Wardrobe: Recommerce Meets The Sharing Economy In Bid To Become The ‘Airbnb of Fashion’
The reCommerce business has met the sharing economy. That’s the oversimplified view of the business model adopted by Wardrobe, a new kind of peer-to-peer fashion rental company that on Tuesday (Sept. 8) is breaking out of its New York City beta test and into a nationwide launch.
But before getting into the launch and exploring how the Wardrobe concept will be deployed, as well as potential comparisons to its competitors, it’s essential to understand its business model.
There are three ways to look at Wardrobe. From what they call the “lender’s” point of view, suppose a 40-something woman in Los Angeles looks in her closet and notices that there are three great blazers, three great skirts and two pairs of Louboutins that don’t get much usage. She contacts Wardrobe’s headquarters and sends the seven items, which the team photographs and posts on a virtual personal closet. That virtual closet can be viewed on the Wardrobe’s website, along with the items’ rental prices and minimum terms, which range from four days to four months. The lender can refresh or reduce the items in the closet at any time.
Now suppose a 25-year-old MBA graduate in Los Angeles has three days’ worth of job interviews and one day’s worth of office attire. She goes onto the Wardrobe site and searches for blazers, skirts and suits, and comes across the blazers and skirts from the aforementioned lender. Instead of spending hundreds on an outfit that might be worn only a handful of times, she rents two blazers and one skirt, along with a pair of red-soled beauties, for under $85 for the three days that she needs them.
After making her selections online, rather than waiting for a package in the mail, she heads to one of the dry cleaners that Wardrobe has recruited into its distribution network. (Point of clarity: The virtual closet is built by Wardrobe for online viewing; the actual items are sent to the closest dry cleaner in the Wardrobe network). There, she picks up the outfits, which have already been dry-cleaned, and pays the dry cleaner for the transaction.
The third way to look at the business model is from Wardrobe’s point of view. It has a network of dry cleaners (40 currently in New York City) that are happy for the extra revenue. The company has an unlimited number of lenders/suppliers who are getting use out of the clothes that are taking up room in their physical closets. And it has renters who are encouraged to share their experiences on social media. Wardrobe owns no capital-intensive technology, inventory or real estate, and its customers do its marketing. Plus, the company allows renters to pay without having to commit to a subscription, an option its customers have said they prefer.
Think of Wardrobe as an Airbnb model for the fashion industry. In fact, Airbnb Co-founder Nate Blecharczyk is an investor in Wardrobe.
“I think Rent The Runway actually paved the way for Wardrobe, for better or for worse,” Wardrobe Founder Adarsh Alphons told PYMNTS CEO Karen Webster. “They probably spent a couple of hundred million dollars in marketing and PR to get the door open in people’s minds and take the stigma out of wearing clothes they don’t own.”
One value proposition that Wardrobe shares with other clothing rental and secondhand sale companies is sustainability. According to the company, the average person uses only 20 percent of their wardrobe, yet fashion sales continue to increase, leading to “fashion pollution.”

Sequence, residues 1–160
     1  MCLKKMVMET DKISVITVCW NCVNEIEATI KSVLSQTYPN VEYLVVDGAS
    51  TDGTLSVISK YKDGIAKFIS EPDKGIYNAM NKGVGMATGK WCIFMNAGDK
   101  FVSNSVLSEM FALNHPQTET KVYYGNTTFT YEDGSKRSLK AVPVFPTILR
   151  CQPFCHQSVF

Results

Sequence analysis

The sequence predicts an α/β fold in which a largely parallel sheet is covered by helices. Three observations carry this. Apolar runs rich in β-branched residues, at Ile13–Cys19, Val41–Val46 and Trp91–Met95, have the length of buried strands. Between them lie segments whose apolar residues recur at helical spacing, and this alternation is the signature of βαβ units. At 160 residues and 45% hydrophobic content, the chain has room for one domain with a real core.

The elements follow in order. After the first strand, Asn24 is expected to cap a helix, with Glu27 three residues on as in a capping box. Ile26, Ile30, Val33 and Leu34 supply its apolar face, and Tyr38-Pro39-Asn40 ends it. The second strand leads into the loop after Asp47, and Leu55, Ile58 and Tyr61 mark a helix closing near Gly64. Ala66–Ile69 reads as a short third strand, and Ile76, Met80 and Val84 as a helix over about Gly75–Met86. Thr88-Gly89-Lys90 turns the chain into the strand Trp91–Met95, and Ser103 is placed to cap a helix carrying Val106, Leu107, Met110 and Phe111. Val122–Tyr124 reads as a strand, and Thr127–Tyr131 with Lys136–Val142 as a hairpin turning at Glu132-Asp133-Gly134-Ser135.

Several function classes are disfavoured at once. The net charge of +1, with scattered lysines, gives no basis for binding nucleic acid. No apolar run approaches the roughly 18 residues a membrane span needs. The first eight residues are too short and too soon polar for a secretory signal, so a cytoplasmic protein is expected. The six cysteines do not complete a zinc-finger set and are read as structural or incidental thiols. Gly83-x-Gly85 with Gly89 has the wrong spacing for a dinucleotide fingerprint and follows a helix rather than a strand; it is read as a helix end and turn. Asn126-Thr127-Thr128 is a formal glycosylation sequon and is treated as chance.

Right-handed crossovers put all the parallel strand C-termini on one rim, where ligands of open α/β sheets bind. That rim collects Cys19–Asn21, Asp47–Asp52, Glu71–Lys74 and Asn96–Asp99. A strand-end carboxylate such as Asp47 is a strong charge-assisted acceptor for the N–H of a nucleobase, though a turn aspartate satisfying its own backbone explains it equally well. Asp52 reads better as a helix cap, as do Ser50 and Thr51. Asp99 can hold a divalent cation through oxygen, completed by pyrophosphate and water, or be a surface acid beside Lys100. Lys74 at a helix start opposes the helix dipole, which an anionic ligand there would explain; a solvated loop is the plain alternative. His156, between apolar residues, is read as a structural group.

“The stuff has nowhere to go,” Alphons said. “It’s clogging the arteries of the world. Plus, the economics are bad. I’d rather see our business model than be sitting on a half-million items in inventory. People want to try new things. But if you look at the number of items that are staying in our closets, we’re literally just holding onto for no reason. And when people give their clothing to Wardrobe, they still own it.”
Research shows that doubling the use of clothing from one to two years reduces clothing production emissions by 24%, and empowers users to make the industry more sustainable.
Although there are other similar platforms, Alphons notes that Wardrobe is different in that it’s crowdsourced. No inventory means no warehouses – and no warehouses means no trucks to have to coordinate, pick up and deliver items. That also means no money needed to buy, store and manage inventory. And all items are insured by the company.
Alphons describes Wardrobe as a peer-to-peer platform with a twist. Wardrobe sits in the middle of it, managing the flows between lenders, renters and dry cleaners, and making sure that all parties get paid.
The company has recruited several influencers and celebrities for launch, including Marci Zaroff, Fabiola Beracasa (The First Monday in May), Alysia Reiner (Orange Is The New Black), Alyssa Coscarelli, Sophia Li, April Calahan (Dressed podcast), Nicole Miller and Shoshanna Gruss. It will also launch the closet of internet celebrity Miquela, making it the first fashion platform to “rent out a physical closet of a virtual being.”
Finally, Wardrobe’s New York beta test shows some positive metrics. The startup has solid metrics, such as the fact that the average lender consigned about $8,000 worth of their inventory to rent out. Over $500,000 worth of designer fashion has been rented out by users in New York City, and the majority of those were trying luxury fashion for the first time. Several lenders have crossed the thousand-dollar mark, and dry-cleaning partners have collectively earned tens of thousands of dollars through partnering with Wardrobe.
“The value prop is access that is unprecedented,” Alphons noted. “And then you can literally feel like Jackie Kennedy without having to run in those social circles. And that’s okay. We’re living in a world where that is now possible.”